Fujifilm X100 VI review: A one-of-a-kind camera for street photography and travel

The 40MP sensor obviously delivers a big boost in resolution over the X100 V’s 26MP. The extra pixels are also handy if you need to crop in, which is a common requirement with a fixed wide-angle lens camera. And while the lens is the same as before, it’s sharp enough to resolve the extra detail.

If this sensor seems familiar, that’s because it’s the same as the one on the X-T5 and X-H2, so the image quality here is similar to those. In-camera treatment of JPEG and 10-bit HEIF files is handled well, with pleasant, accurate colors and a nice balance of noise reduction and detail. You can often share photos straight out of the camera, too, something that’s important to street photographers who do little to no post-processing.

The 14-bit RAW photos offer plenty of room for fine-tuning, even in bright or dark areas. However, if you underexpose shots and try to boost levels, noise can get out of hand compared to a full-frame camera.

Fujifilm X100 VI sample image galleryFujifilm X100 VI sample image gallery

The higher resolution doesn’t hurt image quality much at higher ISOs. Noise is well controlled up to ISO 6400, and you can go up to 12800 if exposure is set correctly. I was impressed with the quality when shooting in bars and other dark environments.

And of course, the X100 VI offers Fujifilm’s full array of film simulation modes. You can experiment with popular looks like Velvia, Eterna or Acros black and white, and still have a full-color RAW backup. As the only major camera company also selling 35mm film, Fuji’s simulations are the most pleasing and realistic.

The X100 VI’s excellent video specs are another bonus. It has nearly the same feature set as the X-T5, so you can shoot 6.2K at 30 fps with a 1.23x crop, or 4K at up to 60 fps with line-skipping and a 1.14x crop. The camera also offers sub-sampled 4K at up to 30p using the full sensor width, or high-quality 4K 30p with a 1.23x crop. Fujifilm also introduced 10-bit and F-Log2.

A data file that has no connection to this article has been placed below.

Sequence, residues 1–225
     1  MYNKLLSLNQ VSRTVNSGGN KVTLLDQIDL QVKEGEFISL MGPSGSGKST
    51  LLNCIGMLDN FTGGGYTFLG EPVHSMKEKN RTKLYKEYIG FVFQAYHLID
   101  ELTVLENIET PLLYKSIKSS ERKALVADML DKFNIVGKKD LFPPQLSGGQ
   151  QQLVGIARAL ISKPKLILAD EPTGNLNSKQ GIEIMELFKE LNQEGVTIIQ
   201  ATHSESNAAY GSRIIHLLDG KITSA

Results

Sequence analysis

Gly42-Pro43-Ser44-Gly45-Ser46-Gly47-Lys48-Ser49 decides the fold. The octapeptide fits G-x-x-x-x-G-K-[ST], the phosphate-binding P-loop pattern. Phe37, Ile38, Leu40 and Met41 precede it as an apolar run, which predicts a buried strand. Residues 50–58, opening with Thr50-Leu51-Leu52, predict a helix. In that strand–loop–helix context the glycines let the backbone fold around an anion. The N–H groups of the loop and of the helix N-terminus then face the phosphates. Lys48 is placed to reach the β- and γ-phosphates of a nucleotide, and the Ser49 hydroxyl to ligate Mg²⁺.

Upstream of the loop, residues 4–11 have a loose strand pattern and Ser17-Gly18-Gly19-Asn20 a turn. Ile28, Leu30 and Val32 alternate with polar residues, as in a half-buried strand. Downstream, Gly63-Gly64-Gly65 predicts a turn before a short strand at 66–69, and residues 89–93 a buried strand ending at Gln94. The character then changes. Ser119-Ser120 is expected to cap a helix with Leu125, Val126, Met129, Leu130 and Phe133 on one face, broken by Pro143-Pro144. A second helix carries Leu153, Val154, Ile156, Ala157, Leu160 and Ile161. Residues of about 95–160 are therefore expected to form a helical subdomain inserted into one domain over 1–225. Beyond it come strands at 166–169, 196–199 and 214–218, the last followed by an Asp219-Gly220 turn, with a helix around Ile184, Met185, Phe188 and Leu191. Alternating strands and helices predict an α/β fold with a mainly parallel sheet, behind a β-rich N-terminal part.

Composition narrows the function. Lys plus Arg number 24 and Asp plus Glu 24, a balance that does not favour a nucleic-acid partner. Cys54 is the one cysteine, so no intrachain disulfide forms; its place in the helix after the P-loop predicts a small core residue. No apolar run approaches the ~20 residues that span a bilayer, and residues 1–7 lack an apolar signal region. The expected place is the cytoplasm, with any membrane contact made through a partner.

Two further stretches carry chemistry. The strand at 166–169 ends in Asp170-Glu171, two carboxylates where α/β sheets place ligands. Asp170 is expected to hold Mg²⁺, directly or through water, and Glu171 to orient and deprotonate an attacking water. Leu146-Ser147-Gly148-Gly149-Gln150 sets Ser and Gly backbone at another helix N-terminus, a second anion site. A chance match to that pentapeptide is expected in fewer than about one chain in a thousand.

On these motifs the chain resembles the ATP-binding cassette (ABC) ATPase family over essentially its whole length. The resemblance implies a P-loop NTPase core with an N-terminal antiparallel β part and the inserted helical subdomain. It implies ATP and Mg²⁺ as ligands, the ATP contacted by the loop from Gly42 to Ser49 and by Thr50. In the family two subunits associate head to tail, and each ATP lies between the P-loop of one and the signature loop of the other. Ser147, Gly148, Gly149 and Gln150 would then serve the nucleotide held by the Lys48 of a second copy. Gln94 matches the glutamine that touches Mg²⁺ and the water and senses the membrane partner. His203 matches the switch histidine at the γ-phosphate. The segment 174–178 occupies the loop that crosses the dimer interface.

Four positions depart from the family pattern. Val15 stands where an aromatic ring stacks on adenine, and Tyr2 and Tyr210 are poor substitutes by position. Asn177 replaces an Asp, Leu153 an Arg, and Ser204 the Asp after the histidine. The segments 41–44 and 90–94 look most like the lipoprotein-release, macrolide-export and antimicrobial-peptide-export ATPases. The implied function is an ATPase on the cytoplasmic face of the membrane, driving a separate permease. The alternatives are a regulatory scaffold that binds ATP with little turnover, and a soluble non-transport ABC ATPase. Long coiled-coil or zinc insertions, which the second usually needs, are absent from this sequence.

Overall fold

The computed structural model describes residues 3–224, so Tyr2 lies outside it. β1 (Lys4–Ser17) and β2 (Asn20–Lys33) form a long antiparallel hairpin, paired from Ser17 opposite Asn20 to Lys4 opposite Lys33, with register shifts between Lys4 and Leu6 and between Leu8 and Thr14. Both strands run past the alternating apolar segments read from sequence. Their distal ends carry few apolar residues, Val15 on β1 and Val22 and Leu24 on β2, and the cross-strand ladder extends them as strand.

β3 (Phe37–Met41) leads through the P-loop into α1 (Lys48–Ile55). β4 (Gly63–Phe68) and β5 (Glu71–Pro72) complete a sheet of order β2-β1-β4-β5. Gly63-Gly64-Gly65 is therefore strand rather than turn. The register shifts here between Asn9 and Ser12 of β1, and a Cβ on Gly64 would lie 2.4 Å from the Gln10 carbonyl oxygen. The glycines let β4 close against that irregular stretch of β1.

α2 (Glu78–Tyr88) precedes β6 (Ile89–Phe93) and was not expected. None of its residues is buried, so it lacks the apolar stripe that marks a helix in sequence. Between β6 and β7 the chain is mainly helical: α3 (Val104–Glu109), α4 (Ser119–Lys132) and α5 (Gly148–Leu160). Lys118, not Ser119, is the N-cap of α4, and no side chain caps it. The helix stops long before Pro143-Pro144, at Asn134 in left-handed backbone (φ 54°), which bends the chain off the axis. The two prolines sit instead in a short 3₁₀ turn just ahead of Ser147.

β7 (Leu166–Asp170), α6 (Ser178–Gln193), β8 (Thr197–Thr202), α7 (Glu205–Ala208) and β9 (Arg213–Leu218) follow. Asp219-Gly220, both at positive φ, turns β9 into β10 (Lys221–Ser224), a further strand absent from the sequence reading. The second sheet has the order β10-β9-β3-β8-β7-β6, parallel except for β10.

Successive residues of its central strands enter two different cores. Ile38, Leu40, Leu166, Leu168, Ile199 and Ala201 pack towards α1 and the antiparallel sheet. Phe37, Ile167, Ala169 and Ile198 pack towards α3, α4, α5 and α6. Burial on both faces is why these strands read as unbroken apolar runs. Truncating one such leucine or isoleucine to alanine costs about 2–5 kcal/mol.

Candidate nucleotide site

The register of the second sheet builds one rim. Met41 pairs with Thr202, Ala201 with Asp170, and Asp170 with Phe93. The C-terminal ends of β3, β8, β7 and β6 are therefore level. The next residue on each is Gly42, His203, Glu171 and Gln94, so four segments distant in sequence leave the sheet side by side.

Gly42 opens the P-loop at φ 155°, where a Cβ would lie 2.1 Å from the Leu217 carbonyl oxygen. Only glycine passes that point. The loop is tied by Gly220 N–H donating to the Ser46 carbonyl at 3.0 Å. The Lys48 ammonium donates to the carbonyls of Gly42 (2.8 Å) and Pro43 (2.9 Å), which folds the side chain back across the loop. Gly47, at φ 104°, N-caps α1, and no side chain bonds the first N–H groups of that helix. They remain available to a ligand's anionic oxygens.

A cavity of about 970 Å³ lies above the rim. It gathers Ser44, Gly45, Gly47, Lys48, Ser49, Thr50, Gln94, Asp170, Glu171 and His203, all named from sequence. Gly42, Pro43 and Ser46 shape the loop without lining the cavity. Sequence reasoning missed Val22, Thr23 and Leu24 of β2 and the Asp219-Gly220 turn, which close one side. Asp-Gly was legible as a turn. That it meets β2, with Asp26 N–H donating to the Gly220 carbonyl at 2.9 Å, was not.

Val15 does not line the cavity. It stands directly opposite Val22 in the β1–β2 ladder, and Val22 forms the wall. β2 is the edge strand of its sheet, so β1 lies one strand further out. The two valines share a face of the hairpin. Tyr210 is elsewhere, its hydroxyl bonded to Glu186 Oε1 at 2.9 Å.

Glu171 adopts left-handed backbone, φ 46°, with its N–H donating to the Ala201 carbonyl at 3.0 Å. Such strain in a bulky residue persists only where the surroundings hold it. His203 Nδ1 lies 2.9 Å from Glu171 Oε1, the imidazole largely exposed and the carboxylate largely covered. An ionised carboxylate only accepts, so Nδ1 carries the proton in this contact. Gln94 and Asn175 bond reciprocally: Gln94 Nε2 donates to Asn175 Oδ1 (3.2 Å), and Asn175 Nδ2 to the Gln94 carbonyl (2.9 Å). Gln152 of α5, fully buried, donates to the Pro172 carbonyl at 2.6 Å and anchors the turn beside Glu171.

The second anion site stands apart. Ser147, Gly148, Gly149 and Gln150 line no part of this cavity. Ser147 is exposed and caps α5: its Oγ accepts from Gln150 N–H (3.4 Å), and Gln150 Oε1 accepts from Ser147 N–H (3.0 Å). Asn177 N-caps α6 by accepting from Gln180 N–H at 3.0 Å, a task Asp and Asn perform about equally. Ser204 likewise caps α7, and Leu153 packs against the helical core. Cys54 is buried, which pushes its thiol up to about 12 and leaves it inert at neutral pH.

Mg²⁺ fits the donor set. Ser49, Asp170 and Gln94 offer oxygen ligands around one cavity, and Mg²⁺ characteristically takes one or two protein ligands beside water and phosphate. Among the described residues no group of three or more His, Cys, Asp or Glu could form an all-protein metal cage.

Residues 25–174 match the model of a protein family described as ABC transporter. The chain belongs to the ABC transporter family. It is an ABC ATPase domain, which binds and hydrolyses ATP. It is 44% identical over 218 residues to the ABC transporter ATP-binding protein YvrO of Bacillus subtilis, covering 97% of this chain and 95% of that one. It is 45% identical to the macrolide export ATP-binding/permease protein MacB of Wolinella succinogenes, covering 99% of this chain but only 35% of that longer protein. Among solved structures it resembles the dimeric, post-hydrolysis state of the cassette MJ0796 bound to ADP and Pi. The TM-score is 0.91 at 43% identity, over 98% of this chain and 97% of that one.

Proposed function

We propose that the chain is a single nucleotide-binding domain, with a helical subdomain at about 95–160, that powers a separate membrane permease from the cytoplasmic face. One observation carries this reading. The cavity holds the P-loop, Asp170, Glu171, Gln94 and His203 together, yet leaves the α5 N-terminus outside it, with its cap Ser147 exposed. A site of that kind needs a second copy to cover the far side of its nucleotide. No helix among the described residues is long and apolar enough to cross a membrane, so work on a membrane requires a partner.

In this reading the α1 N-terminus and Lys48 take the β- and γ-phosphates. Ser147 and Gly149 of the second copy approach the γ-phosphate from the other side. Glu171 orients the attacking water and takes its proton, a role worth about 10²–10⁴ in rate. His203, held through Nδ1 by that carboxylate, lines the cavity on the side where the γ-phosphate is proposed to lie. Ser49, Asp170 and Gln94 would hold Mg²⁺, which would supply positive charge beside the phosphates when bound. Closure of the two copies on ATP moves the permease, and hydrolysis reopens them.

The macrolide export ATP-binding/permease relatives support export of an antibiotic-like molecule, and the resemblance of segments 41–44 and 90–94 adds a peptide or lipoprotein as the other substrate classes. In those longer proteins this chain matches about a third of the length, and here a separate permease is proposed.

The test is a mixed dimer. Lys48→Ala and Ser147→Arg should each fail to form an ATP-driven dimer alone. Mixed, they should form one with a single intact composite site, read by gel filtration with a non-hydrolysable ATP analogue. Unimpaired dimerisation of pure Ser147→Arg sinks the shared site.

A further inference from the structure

Fujifilm X100 VI reviewFujifilm X100 VI review

Samuel Dejours for Engadget

It took me a while to get used to the different modes and cropping levels. At 6.2K and 4K HQ, rolling shutter is pronounced so you’ll need to be aware of that. At the same time, full-sensor sub-sampled 4K is noticeably more low-res than the HQ mode.

Video autofocus matches what I saw with photos, meaning it was decent but not super reliable for moving subjects. The AI-powered AF did lock onto subjects, but again, couldn’t always keep up to flying birds, animals or vehicles.

Handheld video is now a realistic option with in-body stabilization. It worked well as long as I didn’t move around much, and offers a “boost” mode that smooths out jiggles further. Digital stabilization is also an option, but isn’t supported with the 6K or HQ modes, and doesn’t really reduce jolts for walking or fast movements.

Video quality is solid for a small compact camera, offering the same accurate colors you see in JPEG photo modes. Shooting in 10-bit F-Log makes it possible to adjust footage considerably in post or get creative. You can also shoot video using the film simulation modes if you want a specific look straight out of the camera.

Fujifilm X100 VI sample image galleryFujifilm X100 VI sample image gallery

Samuel Dejours for Engadget

Fujifilm has made all the right moves to keep the X100 VI’s popularity high by tucking a very competent street and travel camera into a beautiful retro-cute body. The extra resolution, in-body stabilization and new video features should be more than enough to tempt owners to upgrade.

At $1,600, the X100 VI doesn’t have a lot of competition — which is odd, given its success. Leica springs to mind with the Q3, though that costs a whopping $6,000. Another option is the $1,000 Ricoh GR IIIx, which also offers in-body stabilization and an ND filter. However, resolution is lower at 24MP and it lacks the X100 VI’s high-end video features.

Sony’s ZV-1 II is also in this compact category, but it’s mostly designed for video. Keep an eye on Panasonic, as it may release a new compact camera, according to recent rumors. In any case, if you’re in the market for a high-end compact and can afford the X100 VI, I wouldn’t hesitate — there’s a lot of camera inside that beautiful body.

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